St Mary's Church in Chalk near Gravesend in Kent, England. Thames estuary and Essex can be seen in the distance© Alan Smithers

The Estuary has an active town life. Here are places that reflect the diversity and continuity of our communities, our rich local history and maritime heritage that provide homes for businesses, for individuals and for families that offer what you need to enjoy a balanced and rewarding life.


Our towns


Basildon town centre

Just nine miles inland in South Essex, Basildon was one of the pioneering New Towns of the post-war era. It is now one of the Estuary’s largest urban areas with a growing population and a new commitment to creative culture and a renewed interest in its mid-century built environment. The town centre is a walkable space recently being revitalised as a dynamic place for living and working.



England’s most famous, and first, cathedral city, and home to three universities, Canterbury has a long heritage as place of learning. Established in the 7th century, it became a destination for medieval pilgrims and scholars. Today its evident history is matched by its dynamic academic, research and cultural life and its lively student population.


Creative Estuary Towns Gravesend and the Thames© napa74

On the south side of the Thames and only 20 miles from central London Gravesend has fast rail connections direct to the capital and from Ebbsfleet to the continent. The town’s pedestrian ferry, which connects with Tilbury, is the most easterly link across the river. Gravesend is home to the Sikh community whose Gurdwara complex is one of the largest outside India. In recent years the town has become a favoured location for fast-growing digital businesses.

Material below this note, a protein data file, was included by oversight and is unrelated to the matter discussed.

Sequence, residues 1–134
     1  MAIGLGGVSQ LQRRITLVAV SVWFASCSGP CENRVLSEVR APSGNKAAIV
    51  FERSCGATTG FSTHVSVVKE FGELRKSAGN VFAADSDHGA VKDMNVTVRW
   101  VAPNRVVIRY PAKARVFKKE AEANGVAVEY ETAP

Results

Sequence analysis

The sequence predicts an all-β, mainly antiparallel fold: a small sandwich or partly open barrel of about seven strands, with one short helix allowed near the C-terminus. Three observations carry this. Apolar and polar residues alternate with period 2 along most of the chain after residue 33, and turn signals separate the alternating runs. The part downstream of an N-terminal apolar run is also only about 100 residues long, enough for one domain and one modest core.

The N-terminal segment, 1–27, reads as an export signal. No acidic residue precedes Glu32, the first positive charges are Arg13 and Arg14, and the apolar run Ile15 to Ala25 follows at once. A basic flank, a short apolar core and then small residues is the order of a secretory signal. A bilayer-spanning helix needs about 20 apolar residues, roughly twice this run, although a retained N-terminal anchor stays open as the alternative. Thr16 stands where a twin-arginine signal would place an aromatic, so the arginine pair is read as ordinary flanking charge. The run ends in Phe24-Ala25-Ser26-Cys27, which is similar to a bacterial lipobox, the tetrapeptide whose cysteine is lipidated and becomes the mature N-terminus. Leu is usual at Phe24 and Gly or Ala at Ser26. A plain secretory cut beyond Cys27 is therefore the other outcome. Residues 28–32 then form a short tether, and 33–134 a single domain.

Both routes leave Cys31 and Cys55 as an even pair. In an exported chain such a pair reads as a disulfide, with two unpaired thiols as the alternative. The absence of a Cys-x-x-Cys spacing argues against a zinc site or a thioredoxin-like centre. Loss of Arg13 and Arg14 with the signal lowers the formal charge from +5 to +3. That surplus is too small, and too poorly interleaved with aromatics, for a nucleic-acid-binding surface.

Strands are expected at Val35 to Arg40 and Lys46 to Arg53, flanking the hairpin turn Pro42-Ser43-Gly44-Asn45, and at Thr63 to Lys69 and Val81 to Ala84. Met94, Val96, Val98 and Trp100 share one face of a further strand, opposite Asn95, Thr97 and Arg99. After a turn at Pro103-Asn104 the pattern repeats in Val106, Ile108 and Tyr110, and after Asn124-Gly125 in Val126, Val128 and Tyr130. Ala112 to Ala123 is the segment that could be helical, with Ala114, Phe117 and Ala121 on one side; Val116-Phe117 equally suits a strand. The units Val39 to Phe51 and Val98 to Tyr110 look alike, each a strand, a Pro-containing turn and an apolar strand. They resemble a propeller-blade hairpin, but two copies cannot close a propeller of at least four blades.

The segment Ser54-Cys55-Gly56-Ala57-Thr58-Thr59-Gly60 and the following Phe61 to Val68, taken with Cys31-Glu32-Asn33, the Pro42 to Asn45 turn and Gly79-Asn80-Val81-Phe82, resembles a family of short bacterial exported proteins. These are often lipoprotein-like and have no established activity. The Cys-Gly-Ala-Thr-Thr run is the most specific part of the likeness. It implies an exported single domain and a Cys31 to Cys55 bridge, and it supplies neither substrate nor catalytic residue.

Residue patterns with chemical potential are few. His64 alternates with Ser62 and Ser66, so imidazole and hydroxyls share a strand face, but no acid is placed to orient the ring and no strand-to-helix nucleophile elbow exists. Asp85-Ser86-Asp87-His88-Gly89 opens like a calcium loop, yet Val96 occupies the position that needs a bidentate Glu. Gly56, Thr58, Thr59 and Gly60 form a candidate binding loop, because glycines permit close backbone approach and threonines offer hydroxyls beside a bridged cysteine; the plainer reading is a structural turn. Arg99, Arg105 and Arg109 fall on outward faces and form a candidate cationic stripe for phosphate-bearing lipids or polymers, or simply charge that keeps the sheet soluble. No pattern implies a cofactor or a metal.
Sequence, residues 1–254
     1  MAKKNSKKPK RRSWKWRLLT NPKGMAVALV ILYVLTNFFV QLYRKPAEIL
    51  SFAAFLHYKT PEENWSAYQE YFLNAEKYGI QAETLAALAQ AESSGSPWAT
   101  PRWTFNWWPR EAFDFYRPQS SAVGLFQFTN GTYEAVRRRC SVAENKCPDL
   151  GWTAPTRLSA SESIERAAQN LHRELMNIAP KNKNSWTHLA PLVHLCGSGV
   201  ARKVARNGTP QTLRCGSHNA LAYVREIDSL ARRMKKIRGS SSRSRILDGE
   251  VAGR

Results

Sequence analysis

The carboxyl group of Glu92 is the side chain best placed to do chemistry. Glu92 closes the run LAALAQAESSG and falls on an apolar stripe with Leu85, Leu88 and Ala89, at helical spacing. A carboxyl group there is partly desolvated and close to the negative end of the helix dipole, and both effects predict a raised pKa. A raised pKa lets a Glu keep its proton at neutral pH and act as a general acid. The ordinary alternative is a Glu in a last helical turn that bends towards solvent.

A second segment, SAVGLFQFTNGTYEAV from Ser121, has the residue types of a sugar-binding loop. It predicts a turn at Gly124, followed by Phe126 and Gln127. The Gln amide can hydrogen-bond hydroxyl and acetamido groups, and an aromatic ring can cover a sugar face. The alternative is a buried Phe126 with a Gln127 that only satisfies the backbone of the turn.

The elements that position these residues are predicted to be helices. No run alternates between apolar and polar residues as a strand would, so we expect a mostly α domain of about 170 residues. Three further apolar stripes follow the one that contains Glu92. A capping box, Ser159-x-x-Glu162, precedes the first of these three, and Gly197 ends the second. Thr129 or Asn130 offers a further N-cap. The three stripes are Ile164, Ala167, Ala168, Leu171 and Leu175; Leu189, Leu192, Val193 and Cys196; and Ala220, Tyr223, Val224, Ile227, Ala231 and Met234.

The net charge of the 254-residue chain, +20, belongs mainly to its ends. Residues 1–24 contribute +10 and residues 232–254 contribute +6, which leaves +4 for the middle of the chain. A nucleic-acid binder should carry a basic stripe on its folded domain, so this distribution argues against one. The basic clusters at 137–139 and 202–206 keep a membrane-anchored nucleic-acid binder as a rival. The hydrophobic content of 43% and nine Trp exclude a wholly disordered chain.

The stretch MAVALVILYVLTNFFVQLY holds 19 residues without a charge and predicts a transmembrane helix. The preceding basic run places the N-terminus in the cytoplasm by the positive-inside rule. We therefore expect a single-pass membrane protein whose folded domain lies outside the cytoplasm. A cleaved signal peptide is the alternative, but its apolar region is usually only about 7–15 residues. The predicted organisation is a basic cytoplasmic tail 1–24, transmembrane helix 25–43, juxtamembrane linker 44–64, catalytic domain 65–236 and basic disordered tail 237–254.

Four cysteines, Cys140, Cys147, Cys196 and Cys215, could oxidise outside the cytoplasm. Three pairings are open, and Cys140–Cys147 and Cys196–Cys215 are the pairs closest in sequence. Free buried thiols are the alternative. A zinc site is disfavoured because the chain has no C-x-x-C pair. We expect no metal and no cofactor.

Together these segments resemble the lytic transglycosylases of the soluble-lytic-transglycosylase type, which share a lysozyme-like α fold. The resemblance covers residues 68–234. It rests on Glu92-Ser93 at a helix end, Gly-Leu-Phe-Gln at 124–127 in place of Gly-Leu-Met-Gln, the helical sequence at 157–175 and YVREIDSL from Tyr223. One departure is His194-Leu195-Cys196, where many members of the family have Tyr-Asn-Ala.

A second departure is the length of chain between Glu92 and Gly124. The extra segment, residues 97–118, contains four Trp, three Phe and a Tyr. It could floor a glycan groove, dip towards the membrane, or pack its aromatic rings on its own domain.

Margate Kent England

Once best known as a resort town on the far eastern edge of Kent, Margate has reinvented itself as a radical and thriving centre for art, culture and entertainment, with many creative people choosing to make it their home and workplace. With the acclaimed Turner Contemporary close to its long town beach, and the reimagined vintage theme park at Dreamland fast becoming the UK’s coolest music venue, Margate draws visitors from far afield.


View to historical Rochester across river Medway

Medway combines the five towns of Rochester, Chatham, Gillingham, Rainham and Strood in a busy conurbation spanning the Medway river. History is represented by Chatham Historic Dockyard, Rochester Cathedral and Rochester Castle, while the modern world is embraced by the town’s new waterfront regeneration projects, its multi-university campus and expanding creative services sector. Medway has ambitious plans for its future and is bidding to be UK City of Culture 2025.


Purfleet sits to the east side of London, on the north bank of the Thames. It is a town with a strong industrial past and present. Since 2006 Purfleet has been the location of the creative industry’s production centre at High House Production Park which includes the Royal Opera House’s scene-making facility and costume store, as well as ACME Studios, South Essex College and the Backstage Centre. This successful creative campus is a model for further developments along the Estuary.


Aerial view of the skyline in South end on sea village in sun set light.

Southend has been a popular South Essex resort since the 19th century, famed for its seaside location and pier – the world’s longest. In recent years Southend has nurtured its own creative and artistic resonance. Its galleries, community of artists and creative businesses have contributed significantly to the town’s regeneration and its cultural reputation. Just north of the town, London Southend Airport provides an important link to the continent.